Mr. Chernow presents Washington’s battlefield decisions as lackluster at best. The rookie commander in chief took six months to make Gen. William Howe evacuate Boston. Washington was defeated at the Battle of Brooklyn and then shouldn’t have tried to hold New York and Fort Washington, whose 2,837 defenders were sent to prison hulks, after which “he temporarily lost the internal fortitude to obey his own instincts.” He then lost the Battle of White Plains. The famed crossing of the Delaware and subsequent Battle of Trenton was simply a raid in force; only 22 Hessians were killed and 84 wounded, and Washington returned to Pennsylvania immediately afterward. Similarly, he had to retreat straight after the Battle of Princeton. This was nonetheless a genuine victory, unlike the “shattering defeat” at the much larger Battle of Brandywine. Washington understandably ceded Philadelphia to Howe at a time when 1,000 of his men were marching barefoot.


The Life of the Lives

In even the most impressive biographies, a curious bifurcation can appear when the author’s source notes are compared with his acknowledgments. In “Washington: A Life,” Ron Chernow emphasizes his reliance on primary sources. According to his notes, however, other biographers—notably Douglas Southall Freeman and James Thomas Flexner, authors of justifiably renowned multivolume lives of Washington—provided a good deal of the narrative fuel. It does Mr. Chernow no disservice to regard his biography as a culmination of a long biographical tradition that has divested Washington of his marmoreal armor.

The Washington myth begins with Parson Weems’s 1800 tale of the boy who could not tell a lie. How many cherry trees owe their longevity to the parson’s prevarication God only knows, but each subsequent biographer has aimed to reveal the man behind the myth. Freeman sought to portray not the marble man but a self-seeking, hot- tempered youth who only gradually put the concerns of his country first—and who had the personal ambition and political acumen to establish himself as first among the Founders. Indeed, Freeman’s seven volumes (1948-57) debunked the Washington myth so well that Flexner, in writing his four-volume life (1965-72), complained that he had to contend with considerable hostility toward his subject from those who seemed to take an almost perverse delight in detecting the great man’s flaws. But biography swung back to lauding Washington (while conceding his failings)—as in Joseph Ellis’s “His Excellency” (2004) or Richard Brookhiser’s elegant “Founding Father” (1996), which the author calls a “moral biography” in the tradition of Plutarch. Ellis’s remains the finest short life (320 pages) of Washington, while Brookhiser’s study supplies the kind of character analysis difficult to achieve in chronological narratives.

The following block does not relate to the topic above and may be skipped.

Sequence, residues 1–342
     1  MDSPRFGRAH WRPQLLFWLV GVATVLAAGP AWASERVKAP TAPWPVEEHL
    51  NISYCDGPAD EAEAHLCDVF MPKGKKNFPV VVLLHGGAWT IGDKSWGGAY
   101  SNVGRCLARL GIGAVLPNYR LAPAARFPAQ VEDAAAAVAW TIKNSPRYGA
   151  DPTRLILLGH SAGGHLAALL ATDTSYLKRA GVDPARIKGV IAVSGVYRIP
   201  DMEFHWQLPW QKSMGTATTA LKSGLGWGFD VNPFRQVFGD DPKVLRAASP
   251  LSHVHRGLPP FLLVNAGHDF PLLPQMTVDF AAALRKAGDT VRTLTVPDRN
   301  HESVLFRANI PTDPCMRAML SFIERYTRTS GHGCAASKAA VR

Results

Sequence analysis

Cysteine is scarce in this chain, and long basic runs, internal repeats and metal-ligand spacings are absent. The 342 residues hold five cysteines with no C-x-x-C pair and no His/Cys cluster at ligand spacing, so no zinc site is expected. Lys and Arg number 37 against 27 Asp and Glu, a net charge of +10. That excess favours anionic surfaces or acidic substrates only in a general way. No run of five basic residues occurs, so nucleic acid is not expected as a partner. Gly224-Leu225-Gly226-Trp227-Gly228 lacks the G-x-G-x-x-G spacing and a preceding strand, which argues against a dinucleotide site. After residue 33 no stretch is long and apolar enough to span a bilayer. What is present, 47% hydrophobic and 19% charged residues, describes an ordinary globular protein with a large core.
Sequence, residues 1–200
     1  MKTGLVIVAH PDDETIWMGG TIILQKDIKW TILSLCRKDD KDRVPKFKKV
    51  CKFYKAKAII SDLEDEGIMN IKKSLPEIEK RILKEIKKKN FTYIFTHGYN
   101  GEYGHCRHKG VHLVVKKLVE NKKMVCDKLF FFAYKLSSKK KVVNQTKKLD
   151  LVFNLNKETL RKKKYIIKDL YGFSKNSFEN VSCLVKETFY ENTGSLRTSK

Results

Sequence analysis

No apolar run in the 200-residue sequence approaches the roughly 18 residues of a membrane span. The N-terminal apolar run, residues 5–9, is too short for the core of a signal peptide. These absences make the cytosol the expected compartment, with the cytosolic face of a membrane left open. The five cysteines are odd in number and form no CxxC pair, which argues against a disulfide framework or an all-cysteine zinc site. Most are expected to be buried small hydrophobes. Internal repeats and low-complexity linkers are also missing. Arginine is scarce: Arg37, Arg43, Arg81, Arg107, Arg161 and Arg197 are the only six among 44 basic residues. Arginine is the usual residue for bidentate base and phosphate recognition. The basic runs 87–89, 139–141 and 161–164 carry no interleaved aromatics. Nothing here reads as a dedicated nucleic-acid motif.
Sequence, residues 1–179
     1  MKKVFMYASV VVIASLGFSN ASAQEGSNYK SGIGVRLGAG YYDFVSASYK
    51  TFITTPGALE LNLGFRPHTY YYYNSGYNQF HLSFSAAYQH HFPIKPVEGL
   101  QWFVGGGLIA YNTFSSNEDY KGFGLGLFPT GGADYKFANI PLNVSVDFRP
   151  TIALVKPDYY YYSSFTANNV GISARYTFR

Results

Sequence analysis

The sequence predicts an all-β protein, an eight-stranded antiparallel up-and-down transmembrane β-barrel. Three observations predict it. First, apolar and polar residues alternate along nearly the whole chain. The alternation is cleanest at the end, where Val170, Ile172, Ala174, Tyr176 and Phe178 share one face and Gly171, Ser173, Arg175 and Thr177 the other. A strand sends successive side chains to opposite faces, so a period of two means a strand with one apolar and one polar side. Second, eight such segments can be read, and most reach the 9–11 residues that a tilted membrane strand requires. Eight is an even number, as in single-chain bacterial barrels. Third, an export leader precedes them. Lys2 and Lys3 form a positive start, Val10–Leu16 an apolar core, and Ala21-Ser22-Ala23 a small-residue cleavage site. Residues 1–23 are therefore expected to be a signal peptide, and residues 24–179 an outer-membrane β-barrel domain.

Washington dominated the national scene far longer than Abraham Lincoln or even FDR, and scholars have been loath to take on the whole man within the covers of a single volume. And so we have admirable, if truncated, studies such as Edward Lengel’s “General George Washington” (2005) and Peter R. Henriques’s thematic “Realistic Visionary” (2006).

Flexner’s 1974 redaction has been the standard, but it cannot compete with the vivacity of Ron Chernow’s new narrative, even if the two arrive at many of the same conclusions. For those who want their Washington in even greater detail than Mr. Chernow supplies, Flexner’s multivolume work remains the most readable and authoritative source.

More than a mastery of history and of the facts of Washington’s life are at stake when a writer commits himself to a one-volume life. The author has to write with supreme confidence, which means, for all his research and respect for the historical record, he owes an even greater obligation to the craft of biography itself. In Mr. Chernow’s case, this means daring to dress Washington in a contemporary costume so as to keep 18th-century trappings from distracting the reader from truly seeing the man. In his author’s note, Mr. Chernow announces that he has changed his subject’s grammar, fixing commas to smooth older texts. This is no minor matter, but it works well in a biography that wants most of all to create a living George Washington.